IntelliJ IDEA makes development of Android components faster by letting you create new fragments directly from the menu, and, optionally, automatically generating basic layout files.

After you type the name of a view component in XML code, IntelliJ IDEA shows an icon in the completion list that you can click to automatically generate the appropriate XML code.

Android-specific code inspections
IntelliJ IDEA 13 brings many new Android-specific code inspections. For example, it can tell you when the onclick attribute of a layout element tries to reference a method that does not exist, and then offers a quick-fix to create a stub for such method.

Android-specific code analysis works together with many new Lint inspections.

Dedicated editing features for manifest files
You can enjoy all the power of default XML editor for manifest and other Android application files, plus these features provided specifically for them.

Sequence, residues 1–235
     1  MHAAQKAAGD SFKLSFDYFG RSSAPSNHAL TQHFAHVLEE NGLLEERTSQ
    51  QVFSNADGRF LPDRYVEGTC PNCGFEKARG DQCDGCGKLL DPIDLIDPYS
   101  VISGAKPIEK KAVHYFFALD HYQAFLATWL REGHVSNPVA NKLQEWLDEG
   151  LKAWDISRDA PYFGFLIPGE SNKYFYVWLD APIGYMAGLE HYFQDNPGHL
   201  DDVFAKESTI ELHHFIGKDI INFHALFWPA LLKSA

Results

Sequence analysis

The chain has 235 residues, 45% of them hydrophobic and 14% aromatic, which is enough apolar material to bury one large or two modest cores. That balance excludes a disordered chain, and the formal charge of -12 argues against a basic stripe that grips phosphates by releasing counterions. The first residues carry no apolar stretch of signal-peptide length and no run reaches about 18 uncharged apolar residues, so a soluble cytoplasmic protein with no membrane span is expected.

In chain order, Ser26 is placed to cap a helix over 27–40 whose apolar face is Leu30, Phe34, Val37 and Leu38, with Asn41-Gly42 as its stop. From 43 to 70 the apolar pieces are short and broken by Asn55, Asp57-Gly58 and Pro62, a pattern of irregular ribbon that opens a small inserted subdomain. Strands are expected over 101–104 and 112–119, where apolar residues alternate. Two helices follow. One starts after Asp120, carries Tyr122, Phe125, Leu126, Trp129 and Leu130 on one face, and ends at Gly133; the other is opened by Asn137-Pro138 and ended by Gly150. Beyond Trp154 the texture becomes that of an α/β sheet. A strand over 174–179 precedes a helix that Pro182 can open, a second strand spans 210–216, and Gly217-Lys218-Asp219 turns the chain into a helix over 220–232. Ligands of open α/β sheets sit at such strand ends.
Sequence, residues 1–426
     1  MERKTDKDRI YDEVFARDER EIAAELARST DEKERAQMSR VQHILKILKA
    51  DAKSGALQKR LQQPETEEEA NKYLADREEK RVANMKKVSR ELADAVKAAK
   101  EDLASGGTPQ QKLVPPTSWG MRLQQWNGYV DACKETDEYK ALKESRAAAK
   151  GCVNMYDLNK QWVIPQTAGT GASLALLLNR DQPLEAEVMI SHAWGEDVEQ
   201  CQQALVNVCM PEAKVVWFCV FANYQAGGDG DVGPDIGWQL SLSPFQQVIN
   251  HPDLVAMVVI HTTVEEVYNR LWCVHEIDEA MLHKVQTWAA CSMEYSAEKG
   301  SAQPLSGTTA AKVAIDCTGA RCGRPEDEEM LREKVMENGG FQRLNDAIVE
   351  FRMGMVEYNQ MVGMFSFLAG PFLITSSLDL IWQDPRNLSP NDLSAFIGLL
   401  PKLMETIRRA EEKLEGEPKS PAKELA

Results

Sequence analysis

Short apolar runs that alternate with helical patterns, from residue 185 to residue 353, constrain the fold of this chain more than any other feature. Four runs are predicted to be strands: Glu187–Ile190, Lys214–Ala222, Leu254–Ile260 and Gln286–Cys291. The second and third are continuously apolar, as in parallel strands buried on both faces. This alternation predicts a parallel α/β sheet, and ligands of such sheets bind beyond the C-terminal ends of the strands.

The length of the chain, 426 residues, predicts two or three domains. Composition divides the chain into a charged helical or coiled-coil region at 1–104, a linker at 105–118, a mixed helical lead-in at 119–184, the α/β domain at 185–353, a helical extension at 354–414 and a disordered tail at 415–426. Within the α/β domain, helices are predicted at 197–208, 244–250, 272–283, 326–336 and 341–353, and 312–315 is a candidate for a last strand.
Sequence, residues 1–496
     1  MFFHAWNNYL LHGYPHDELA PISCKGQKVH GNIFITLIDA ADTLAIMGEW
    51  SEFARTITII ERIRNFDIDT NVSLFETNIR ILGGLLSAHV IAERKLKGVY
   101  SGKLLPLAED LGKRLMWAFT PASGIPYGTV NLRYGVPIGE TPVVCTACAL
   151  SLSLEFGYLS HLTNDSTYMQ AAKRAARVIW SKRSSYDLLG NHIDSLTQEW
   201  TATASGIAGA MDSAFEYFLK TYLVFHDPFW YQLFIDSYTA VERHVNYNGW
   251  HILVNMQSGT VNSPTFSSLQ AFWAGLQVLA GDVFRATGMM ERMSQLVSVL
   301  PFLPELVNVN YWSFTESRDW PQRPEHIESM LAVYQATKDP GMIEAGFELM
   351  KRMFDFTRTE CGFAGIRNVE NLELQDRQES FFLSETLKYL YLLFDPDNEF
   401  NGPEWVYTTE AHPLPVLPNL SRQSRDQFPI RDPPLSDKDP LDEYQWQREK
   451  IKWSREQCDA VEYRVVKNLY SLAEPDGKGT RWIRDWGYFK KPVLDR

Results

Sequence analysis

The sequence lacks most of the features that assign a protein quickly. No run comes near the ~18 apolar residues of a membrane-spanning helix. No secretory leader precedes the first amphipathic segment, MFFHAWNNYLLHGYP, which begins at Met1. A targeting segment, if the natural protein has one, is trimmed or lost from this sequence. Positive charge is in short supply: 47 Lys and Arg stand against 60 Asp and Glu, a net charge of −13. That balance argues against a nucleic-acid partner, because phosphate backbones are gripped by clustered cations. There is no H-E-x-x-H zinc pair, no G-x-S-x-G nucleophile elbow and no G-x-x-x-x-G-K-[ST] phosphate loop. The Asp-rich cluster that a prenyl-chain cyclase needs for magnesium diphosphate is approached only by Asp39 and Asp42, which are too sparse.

Completion for SDK versions in manifest. When you specify the minimum and maximum SDK that the application may support, IntelliJ IDEA provides code completion to help choose the API version.

Line breaks. You can tell IntelliJ IDEA to insert line breaks before the first, and/or after the last attribute of an XML element. This setting is independent from its twin which affects layout files.

Class-manifest cross navigation. When you edit a Java class, you can jump to the corresponding location in the manifest file via a gutter icon. If a class uses another class defined in manifest, you can also jump to its declaration. Documentation from XML schema is also available in the manifest editor.

Redesigned Logcat UI